To make fine pippen Tarts

You’ll find this recipe in:
UPenn Ms. Codex 785
England, between 1705 and 1726


Historic Recipe:

To make fine pippen Tarts
Take a pound of flour and half a pound of butter a little sugar rul it in very small, wet it with Cold water, and two Eggs, make it into a Paste, roul it as thin as you can, and Couer your pattyes, then take henlish pippens and pare them and cut them in round slices, then lay a lay and two Spoonfulls of fine Sugar beaten and some Orange peel Chop’d Small and a lay of pippins and a lay of Sugar and lid them as thin as you can, and take care in breaking them, when they are bak’d, take them out of your pattyes and open the lids, and put into every one of them a spoonfull or two of Orange or Lemmon Juice strain’d then put down the lids & take a feather & some burnt butter lick over the lids, and sift some fine Sugar our them, you must not Couer your pippens, as you cut them put them into fair water

My recipe:

3 ¼ cups flour – 454 g
1 cup (½ lb) butter – 226 g
1 tbsp white sugar
¾ cups cold water – 175 mL
2 eggs
3 cups sliced apples – 400 g
Grated peel of one orange
White sugar (about ½ tsp per tart)
Orange or lemon juice (1 tsp per tart)
¼ cup butter – 55 g
White sugar to sift on top

1) Peel and slice your apples. The historic recipe suggests coring, peeling and slicing the apples into rounds, but apple rounds wouldn’t fit into my tart tins, so I cut the apples smaller. Put your apple pieces into cold water after you slice them.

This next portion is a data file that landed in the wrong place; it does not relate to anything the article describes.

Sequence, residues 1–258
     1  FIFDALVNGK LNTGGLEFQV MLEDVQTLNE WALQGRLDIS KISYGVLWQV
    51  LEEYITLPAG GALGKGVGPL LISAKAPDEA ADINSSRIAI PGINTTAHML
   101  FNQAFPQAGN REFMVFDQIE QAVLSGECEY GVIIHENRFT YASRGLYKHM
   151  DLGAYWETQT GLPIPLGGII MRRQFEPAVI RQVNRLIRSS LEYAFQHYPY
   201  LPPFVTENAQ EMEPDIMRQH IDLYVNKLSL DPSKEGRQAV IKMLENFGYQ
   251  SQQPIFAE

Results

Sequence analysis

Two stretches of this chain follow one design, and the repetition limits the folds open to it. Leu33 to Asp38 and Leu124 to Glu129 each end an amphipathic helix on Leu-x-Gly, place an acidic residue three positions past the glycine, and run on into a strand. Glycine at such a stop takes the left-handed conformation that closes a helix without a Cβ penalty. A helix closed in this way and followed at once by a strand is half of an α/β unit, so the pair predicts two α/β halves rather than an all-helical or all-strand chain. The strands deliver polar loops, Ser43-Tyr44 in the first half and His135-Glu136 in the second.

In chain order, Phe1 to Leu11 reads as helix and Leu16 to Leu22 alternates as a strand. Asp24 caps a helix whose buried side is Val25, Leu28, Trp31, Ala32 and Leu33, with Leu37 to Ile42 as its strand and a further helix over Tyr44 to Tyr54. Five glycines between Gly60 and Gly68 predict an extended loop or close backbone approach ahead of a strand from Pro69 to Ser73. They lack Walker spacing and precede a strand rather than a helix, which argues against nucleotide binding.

2) Grate the peel of an orange. Juice your orange or lemon if you’re going for fresh juice and strain out the pulp.

3) Preheat your oven to 400 F (205 C). Measure out the flour and 1 tbsp white sugar for the pastry, then cut in your butter in small pieces. Pro tip: take your cold butter and grate it on a cheese grater before adding it to the flour! Doing this will make your pastry-making days happier. Mix the butter into the flour using a pastry cutter, or knives and forks.

4) Beat the eggs in a small bowl, then add to the flour, sugar and butter mixture. Add the cold water gradually while mixing. Stop adding water when the pastry dough has incorporated the flour, but is barely staying together. Some historic recipes suggest stopping adding water to pastry when the dough looks like a “ball of rags”, and I think this description applies even today. Does your pastry dough look like a t-shirt that you’re carrying around balled up in your hands? Then stop adding water.

5) Spread flour out thinly on your rolling surface and rolling pin, then roll out your pastry “as thin as you can”. For each tart, you’ll need to cut out one bottom tart piece and one tart cover. I don’t make pastry much at home in my regular life (but I make it often in the historic kitchen at work), so it took some trial and error to find the perfect round things to cut out these tart pieces. In the end, I found a whiskey glass and a little bowl that were the perfect sizes.

6. Put the bottom tart pieces in your tins. Pile in your apples, then sprinkle in about ½ tsp white sugar and a pinch of grated orange zest. I would pile in more apples than I did, because they cook down.

7. Add the tops to your tarts. You will need to detach the lids after the tarts are baked, so don’t attach the tops too firmly! I tapped around the outside with my fingers, then sliced in some air vents with a sharp knife. I had a bit of extra pastry dough, so I created some decorative pastry leaves on the top of some of the tarts (not mentioned in the historic recipe, but pretty).

8. Pop your tarts into your 400 F (205 C) oven. My tarts baked for roughly 25-30 minutes before they were golden on the top.